Plus a new CEW that had a training policy heavily influenced by the manufacturer, TASER, and their ‘experts’, who believed their new toy was always harmless to the heart of those tased (which defies common sense and any first year medical school debate).

    These two items are what people are pissed about. The individual cops can only be expected on average to be as good as their crappy training that night in 2007. Hopefully some will be better than average, but what happened was a dreadful training failure. Policy on taser use has been modified with less input from the manufacturer, but the use of force continuum is still giving police way more latitude to use violence too early in the engagement.

    Add in a real in some cases, and perceived in other cases of the police closing ranks, seeing nothing when fellow officers make mistakes or are just plain bad apples, and you have the public being rightfully upset. Enough so that some in the US are reacting with violence.

    The next move in the police’s hands. Get body cameras, get accountable for your actions, welcome oversight, and realize what you are doing will be caught on camera today and your actions have to pass the six o’clock news test. The days of lying about it, and the court giving more weight to a cops testimony are over when a camera is there.

    Drum out your bad apples, stop closing ranks. Treat the public with respect.

    There are more non police than police, you want our support, earn it back, for all our sakes.

    Don’t be surprised when the public supports charging police with something when someone is killed on video. We realize that some cops need to be in jail as an example to other cops to raise their game and realize they are not above the law.

    • Hey it’s Ken!! How was the Social Justice Warrior retreat!? Did you learn anything new? Oooops, just read your post…nope…same old shite. Have fun at the parade!

    • Ken’s written his own little editorial here but has entirely missed the point of Leo’s which is that whether this was a training failure or any one of a number of things, it wasn’t Perjury. Perjury, intentionally lying under oath about a material fact, is considered a very serious offence because it strikes at the heart of our legal system for obvious reasons. Despite that it’s one of the least prosecuted offences. Anyone who has spent any time in our courts sees Perjury committed on a daily basis. The accused takes the stand in the face of overwhelming evidence of guilt and denies committing the crime. The defense puts an alibi witness up who claims the accused was with him 20 miles away at the time until investigation demolishes his story.

      In his judgement the judge simply rejects this evidence, convicts the accused of the offences for which he was originally charged but he gets a pass on lying in court because essentially no one can be bothered. This time, in a case that’s taken on a life of its own, they decided to bother. The public (yes, the same ‘stakeholders’ that Ken wants consulted on everything) were all ginned up by a media-driven witch-hunt and wanted a scalp (or 4 or 5) and the Crown was only too happy to oblige.

      In the absence of any evidence that would support criminal charges connected to the taser or any other force applied to Mr. Dziekanski they decided to go over the transcripts of the evidence the members gave at the Braidwood Inquiry. This is always an easy one because, as I wrote at the time, the Crown gets to have it both ways. (https://www.primetimecrime.com/contributing/2009/20090306cooper.htm) and (https://www.primetimecrime.com/contributing/2013/20130804cooper.htm):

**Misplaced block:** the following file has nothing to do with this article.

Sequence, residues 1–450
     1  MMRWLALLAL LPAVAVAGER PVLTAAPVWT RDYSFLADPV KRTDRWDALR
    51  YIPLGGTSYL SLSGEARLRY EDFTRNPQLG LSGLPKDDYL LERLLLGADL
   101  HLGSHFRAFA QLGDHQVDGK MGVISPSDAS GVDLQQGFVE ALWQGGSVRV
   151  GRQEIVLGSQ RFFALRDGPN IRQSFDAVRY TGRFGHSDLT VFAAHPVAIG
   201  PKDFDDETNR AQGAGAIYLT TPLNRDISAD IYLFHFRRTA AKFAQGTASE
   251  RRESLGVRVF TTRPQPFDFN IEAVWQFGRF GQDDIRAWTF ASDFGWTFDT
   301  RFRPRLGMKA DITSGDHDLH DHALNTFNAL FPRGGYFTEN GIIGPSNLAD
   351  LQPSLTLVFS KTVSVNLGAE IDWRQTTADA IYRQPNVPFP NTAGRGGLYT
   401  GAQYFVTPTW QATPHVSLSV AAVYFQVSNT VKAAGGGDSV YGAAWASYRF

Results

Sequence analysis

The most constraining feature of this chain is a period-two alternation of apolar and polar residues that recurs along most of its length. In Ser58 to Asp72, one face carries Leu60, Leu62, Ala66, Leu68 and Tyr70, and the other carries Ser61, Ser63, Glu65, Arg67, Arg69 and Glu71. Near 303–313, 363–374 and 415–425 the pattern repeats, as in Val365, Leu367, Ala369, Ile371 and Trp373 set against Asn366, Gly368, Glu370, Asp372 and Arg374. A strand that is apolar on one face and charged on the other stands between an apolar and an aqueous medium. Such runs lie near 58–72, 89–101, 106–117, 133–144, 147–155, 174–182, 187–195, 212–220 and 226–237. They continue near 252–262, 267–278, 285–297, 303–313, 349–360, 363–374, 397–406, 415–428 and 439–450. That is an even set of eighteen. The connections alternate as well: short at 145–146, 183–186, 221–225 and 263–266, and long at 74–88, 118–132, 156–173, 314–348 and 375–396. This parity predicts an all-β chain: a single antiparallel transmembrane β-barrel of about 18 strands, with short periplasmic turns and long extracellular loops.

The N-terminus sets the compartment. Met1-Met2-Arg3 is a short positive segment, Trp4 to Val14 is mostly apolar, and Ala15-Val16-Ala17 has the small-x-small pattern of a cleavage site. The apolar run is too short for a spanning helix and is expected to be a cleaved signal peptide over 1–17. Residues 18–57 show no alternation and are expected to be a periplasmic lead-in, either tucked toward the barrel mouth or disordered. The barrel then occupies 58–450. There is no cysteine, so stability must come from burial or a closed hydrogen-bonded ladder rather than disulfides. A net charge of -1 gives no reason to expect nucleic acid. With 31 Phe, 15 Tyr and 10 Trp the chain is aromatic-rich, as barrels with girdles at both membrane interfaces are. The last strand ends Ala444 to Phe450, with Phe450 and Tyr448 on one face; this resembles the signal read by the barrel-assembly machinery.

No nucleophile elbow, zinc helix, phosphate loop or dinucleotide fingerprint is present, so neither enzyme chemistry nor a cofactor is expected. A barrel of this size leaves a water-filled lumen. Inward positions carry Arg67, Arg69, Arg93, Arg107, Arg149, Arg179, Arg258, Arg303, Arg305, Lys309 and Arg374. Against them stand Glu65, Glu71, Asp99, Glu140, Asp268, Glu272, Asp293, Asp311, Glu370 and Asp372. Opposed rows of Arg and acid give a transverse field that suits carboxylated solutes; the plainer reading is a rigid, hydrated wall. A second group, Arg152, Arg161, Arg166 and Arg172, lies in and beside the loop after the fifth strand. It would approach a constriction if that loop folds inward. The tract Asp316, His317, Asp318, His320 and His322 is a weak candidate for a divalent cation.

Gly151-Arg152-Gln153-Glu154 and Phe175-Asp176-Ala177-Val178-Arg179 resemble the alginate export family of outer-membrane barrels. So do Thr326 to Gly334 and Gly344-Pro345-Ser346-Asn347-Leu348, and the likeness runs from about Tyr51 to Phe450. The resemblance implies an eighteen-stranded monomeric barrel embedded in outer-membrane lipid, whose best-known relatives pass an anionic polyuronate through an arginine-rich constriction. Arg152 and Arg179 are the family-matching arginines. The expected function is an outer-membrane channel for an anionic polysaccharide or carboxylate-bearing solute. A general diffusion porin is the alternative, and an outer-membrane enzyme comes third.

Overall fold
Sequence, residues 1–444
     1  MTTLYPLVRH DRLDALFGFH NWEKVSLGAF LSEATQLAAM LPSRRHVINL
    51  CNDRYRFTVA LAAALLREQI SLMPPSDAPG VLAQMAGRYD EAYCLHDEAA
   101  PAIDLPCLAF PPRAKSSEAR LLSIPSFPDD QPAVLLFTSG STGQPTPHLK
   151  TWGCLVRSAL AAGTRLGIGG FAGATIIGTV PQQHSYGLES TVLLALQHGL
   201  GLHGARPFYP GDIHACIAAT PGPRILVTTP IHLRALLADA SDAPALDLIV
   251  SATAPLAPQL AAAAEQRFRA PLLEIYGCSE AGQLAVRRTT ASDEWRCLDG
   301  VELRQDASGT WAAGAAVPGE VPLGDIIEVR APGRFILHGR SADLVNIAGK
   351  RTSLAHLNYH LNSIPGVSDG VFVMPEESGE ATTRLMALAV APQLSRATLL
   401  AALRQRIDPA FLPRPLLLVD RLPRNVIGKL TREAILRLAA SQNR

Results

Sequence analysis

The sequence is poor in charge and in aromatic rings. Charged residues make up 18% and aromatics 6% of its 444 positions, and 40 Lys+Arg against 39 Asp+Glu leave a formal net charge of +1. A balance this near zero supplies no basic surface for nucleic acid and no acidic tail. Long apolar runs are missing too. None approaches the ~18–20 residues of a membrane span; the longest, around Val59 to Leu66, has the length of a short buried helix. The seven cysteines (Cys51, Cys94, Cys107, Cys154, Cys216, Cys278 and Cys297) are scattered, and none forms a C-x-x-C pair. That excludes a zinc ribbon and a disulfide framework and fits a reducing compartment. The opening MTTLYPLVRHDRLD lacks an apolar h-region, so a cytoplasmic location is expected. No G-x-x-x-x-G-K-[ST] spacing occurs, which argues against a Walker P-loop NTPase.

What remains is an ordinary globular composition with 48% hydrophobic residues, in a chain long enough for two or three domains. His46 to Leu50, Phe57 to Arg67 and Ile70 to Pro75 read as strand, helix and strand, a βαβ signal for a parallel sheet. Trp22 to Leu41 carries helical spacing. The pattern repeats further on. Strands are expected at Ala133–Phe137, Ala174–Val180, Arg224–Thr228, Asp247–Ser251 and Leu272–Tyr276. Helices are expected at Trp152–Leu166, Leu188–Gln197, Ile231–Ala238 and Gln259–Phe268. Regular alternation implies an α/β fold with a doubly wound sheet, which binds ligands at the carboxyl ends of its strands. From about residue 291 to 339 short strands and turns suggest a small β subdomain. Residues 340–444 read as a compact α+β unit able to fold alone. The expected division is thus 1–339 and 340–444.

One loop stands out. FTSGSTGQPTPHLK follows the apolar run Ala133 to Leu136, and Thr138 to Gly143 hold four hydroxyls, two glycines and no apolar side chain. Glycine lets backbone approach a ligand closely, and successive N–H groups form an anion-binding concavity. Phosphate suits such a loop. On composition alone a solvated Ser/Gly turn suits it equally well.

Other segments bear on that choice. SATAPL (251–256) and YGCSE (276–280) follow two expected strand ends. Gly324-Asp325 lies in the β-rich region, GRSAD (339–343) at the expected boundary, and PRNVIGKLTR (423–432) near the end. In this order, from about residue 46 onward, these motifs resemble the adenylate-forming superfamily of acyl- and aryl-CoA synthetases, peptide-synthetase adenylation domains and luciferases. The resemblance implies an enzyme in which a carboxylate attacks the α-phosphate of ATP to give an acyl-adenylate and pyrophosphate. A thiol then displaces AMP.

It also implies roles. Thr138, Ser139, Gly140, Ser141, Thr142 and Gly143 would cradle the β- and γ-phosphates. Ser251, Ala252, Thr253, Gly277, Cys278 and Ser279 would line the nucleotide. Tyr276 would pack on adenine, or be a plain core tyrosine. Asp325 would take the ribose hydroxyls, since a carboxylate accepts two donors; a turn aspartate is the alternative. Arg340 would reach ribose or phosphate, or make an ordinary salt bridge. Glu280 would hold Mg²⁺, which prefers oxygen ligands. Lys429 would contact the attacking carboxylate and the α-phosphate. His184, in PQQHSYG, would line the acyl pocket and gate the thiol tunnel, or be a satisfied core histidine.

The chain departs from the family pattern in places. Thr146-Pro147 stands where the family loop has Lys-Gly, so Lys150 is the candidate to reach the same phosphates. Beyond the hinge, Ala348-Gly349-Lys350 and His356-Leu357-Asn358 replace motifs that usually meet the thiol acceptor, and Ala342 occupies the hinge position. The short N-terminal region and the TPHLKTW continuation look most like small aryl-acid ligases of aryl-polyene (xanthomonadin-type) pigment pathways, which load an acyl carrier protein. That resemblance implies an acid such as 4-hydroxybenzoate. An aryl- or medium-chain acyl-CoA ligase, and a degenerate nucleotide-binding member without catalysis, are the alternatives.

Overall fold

“When parts of the Constables’ stories differ, they’re accused of lying. When they are the same, they’re accused of collusion. When a portion of their evidence appears at variance with the video which is open to interpretation, they’re accused of both and their professionalism is attacked.”

      As to the oversight that Ken wants cops to welcome, here in BC whether cops welcome it or not they’ve got it and the interests of the ‘stakeholders’ are represented in spades. There’s the Police Services Branch which sets policing standards throughout the province. There’s the Office of the Police Complaints Commissioner, the Independent Investigations Office, the Crown, the Courts, the news media, etc. etc.

      In a democracy most cops understand this. All they asked is that the oversight be fair and evenly applied. When career criminals can get away with lying in court on a daily basis but policemen with unblemished records are singled out and facing prison because of an ‘inferrence’ it is neither.

      • Well said Bob and Leo! This Ken guy is a dime a dozen, off point, axe to grind, and on and on.
        This case is an excellent example of giving the public what they wanted short of a public hanging. Who knows perhaps this Ken guy is lobbying the Government to commence public hangings for police, of course only after they’ve been lit on fire after dragging them by horse down Davie St.

  3. Ken with statements like yours don’t be surprised when more cops decide to say FIDO and arrive after the dust has settled. Far easier and safer to deal with the aftermath, get statements, collect video then to get involved with in progress calls.

  4. […] They want their members to have pre-interview disclosure to ensure whatever statement is made by any member will allow that individual to review CAD (Computer Aided Dispatch) information, radio dispatch traffic and any CCTV video footage germane to the incident prior to talking to IIO investigators. If you want to understand why, you need only to consider the four RCMP officers who were involved in the taser death of Robert Dziekanski at YVR in 2007. Two of the four were convicted of perjury in what can only be described as a travesty of justice. (For more on that, click here) […]